Edith Windsor, an 83-year-old alumna, has challenged the federal law, specifically a section that prohibits same-sex spouses from receiving a number of benefits. That section has caused its fair share of costly problems for Windsor, whose wife, Thea Spyer, died in 2009 (because she wasn’t considered a spouse by the IRS, she’s paid more than $600,000 in taxes).
The Supreme Court agreed to hear the case last week.
Experts in the Times report seem to think Windsor’s story – specifically the emphasis on a perhaps-unequal tax level – will resonate with members of the highest court. How do you think the Supreme Court will stand on the issue?
On your daily route to and from class (psh, who are we kidding?), you’re sure to have stumbled upon a giant light tube, strongly resembling a cross between a mosquito light and giant humidifier. If not, stop looking at the sidewalk when you walk.
Either way, this giant bug-humidifier is actually neither; it’s an Avenue of the Arts Light Mast and it’s just the first of many to be installed in North Philly.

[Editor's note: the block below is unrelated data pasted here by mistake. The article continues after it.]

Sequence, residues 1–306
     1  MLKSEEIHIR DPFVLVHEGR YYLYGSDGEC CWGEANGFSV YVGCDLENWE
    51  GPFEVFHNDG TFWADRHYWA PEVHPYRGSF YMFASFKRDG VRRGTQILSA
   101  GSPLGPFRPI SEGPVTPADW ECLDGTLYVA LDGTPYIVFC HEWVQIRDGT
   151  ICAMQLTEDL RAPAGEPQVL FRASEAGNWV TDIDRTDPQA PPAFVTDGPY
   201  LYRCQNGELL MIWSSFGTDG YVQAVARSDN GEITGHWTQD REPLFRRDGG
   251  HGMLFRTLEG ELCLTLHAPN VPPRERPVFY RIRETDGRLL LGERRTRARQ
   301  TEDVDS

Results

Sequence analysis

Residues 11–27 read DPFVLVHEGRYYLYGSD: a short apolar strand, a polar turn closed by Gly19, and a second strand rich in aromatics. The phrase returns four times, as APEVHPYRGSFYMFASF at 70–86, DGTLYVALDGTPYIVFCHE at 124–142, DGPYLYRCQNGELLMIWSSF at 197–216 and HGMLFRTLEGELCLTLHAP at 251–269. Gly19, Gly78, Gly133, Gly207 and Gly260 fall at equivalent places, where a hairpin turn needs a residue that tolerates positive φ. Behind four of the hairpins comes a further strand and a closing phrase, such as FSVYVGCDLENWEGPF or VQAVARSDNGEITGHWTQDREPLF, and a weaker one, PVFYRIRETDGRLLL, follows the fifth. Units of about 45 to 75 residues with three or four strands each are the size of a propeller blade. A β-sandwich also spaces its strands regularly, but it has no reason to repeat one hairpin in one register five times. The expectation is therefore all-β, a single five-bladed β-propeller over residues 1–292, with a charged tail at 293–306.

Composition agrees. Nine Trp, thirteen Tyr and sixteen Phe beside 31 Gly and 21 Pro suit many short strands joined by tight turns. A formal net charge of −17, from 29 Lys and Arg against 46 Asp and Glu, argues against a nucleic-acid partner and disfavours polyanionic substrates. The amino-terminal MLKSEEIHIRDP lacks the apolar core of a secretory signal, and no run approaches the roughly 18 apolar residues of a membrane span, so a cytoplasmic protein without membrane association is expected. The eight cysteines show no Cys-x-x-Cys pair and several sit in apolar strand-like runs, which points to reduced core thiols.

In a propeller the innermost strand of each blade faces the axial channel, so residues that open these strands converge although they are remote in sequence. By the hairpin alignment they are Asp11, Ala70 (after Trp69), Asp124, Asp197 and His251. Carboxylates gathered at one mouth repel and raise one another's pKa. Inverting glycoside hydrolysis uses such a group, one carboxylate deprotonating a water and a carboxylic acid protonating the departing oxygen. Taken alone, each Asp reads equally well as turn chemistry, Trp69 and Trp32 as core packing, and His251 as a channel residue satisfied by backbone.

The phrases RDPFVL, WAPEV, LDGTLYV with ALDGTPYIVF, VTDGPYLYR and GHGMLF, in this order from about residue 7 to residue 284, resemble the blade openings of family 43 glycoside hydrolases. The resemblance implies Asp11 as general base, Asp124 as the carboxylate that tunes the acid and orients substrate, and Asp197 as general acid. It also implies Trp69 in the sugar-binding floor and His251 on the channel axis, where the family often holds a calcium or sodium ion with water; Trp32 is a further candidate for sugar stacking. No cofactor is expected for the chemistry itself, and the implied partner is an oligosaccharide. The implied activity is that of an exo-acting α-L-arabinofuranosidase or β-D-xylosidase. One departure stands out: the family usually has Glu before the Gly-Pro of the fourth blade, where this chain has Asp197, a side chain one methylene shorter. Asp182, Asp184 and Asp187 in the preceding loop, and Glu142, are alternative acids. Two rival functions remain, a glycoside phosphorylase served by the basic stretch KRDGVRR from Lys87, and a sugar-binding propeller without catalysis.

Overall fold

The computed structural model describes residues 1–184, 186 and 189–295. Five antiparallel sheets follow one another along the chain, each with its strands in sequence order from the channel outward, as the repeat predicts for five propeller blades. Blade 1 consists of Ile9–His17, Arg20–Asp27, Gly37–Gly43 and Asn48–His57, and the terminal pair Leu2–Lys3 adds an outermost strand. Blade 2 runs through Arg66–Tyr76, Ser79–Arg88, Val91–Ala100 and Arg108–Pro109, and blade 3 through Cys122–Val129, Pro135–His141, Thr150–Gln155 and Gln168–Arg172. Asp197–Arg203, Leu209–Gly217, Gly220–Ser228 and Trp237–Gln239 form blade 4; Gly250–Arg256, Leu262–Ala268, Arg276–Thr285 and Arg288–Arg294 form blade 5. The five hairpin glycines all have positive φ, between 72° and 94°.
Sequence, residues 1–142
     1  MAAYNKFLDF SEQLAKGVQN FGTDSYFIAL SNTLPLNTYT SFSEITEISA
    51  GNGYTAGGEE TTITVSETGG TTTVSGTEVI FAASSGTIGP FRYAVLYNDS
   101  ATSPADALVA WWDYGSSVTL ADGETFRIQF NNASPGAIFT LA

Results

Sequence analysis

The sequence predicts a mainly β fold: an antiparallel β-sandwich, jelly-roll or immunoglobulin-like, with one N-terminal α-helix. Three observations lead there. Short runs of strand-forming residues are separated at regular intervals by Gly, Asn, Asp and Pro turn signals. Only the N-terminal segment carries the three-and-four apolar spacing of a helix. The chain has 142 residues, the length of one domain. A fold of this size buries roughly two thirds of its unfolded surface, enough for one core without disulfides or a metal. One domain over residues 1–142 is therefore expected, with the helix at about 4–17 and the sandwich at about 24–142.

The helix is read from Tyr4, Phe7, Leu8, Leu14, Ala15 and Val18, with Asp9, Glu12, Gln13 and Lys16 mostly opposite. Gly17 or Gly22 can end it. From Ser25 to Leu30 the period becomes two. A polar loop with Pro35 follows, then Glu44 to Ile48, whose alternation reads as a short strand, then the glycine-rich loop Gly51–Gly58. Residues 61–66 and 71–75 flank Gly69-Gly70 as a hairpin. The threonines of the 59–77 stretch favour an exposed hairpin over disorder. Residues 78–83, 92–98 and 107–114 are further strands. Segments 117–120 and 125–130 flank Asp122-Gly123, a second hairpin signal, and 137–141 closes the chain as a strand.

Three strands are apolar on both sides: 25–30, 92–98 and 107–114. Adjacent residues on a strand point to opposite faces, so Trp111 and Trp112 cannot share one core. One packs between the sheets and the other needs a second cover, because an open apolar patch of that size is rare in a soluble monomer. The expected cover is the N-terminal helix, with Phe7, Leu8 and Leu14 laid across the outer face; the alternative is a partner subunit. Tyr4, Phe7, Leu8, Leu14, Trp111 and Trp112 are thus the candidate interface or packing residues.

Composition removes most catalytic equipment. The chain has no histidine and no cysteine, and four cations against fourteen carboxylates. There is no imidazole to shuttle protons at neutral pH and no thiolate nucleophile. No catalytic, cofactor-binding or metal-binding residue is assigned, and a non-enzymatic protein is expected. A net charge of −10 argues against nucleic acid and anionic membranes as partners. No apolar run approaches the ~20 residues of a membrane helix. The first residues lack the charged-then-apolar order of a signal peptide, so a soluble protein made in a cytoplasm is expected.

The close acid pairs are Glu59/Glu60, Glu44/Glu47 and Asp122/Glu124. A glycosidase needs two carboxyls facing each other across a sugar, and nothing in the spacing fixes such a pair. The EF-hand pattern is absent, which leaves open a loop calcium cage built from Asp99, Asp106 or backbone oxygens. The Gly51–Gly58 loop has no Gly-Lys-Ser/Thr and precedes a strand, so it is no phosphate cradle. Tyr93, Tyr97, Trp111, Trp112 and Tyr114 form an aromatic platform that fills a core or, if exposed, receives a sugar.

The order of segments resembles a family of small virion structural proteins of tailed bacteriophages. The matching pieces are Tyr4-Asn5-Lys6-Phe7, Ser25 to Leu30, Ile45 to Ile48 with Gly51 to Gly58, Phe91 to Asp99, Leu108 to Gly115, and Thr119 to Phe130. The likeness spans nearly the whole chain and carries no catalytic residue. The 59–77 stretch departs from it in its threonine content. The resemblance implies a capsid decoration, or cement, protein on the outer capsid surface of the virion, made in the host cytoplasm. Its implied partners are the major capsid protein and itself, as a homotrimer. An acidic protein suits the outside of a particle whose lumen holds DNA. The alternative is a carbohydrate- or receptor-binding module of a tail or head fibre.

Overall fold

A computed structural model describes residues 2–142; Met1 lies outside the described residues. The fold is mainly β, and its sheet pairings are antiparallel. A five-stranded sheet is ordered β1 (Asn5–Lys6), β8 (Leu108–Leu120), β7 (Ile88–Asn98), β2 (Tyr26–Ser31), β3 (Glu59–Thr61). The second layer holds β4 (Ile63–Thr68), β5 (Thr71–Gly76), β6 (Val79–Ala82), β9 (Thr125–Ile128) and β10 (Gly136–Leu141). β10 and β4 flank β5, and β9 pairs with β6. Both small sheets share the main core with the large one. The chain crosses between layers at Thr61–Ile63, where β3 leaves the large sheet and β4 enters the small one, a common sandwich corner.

According to University Communications, these light tubes are a part of the Avenue of the Arts Streetscape Enhancement Project.
To see a time lapse of the installation, click here.
…especially if you’re front row at a game that’s being broadcast on ESPN.
Case and point: Sophomore Cherry Crusader, Charlotte Jacobson.
This is what our cameras caught,
Charlotte cheering for the Owls while they have the lead.
Still in the lead, Charlotte has nothing to do but smile.
…And this is what ESPN’s camera’s caught
After Temple's loss to Penn State Charlotte forgets the game is being broadcast on national television.
Don’t let this happen to you! Remember, someone’s always watching…
Jason Read, the new women’s crew coach, who was hired on Aug. 22 was featured on CBS Philly’s website and on KYW Newsradio today where he talked about serving as a first responder on Sept. 11.
“The images that we see don’t give the situation that really was,” [Read said]. “We’re talking about 50 acres — enormous buildings. Hundreds and hundreds of stories, pancaked. Collapsed. Within seconds.”
The former Temple rower was working as an EMS/Rescue Chief of Operations in Hunterdon, NJ, when the attacks occurred. To view the whole article and podcast, click here.
As of Sept. 1, Dr. Arthur Feldman will assume the role of executive dean of the School of Medicine and the chief academic officer of Temple University Health System.
Feldman was the chairman of the department of medicine at Jefferson before coming to Temple.